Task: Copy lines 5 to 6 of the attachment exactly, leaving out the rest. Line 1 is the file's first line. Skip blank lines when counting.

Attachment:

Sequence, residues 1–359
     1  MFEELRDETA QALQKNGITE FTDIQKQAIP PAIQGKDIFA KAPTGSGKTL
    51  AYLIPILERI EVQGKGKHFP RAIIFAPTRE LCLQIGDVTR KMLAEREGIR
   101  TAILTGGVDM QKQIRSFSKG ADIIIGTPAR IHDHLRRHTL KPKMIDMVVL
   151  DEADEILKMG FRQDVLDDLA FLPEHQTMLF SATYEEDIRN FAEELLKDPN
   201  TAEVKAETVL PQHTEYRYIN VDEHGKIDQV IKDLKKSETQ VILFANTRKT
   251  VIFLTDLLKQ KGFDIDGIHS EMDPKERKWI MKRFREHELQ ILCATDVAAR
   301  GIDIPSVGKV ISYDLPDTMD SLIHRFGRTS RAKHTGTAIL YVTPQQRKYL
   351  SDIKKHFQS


   151  DEADEILKMG FRQDVLDDLA FLPEHQTMLF SATYEEDIRN FAEELLKDPN
   201  TAEVKAETVL PQHTEYRYIN VDEHGKIDQV IKDLKKSETQ VILFANTRKT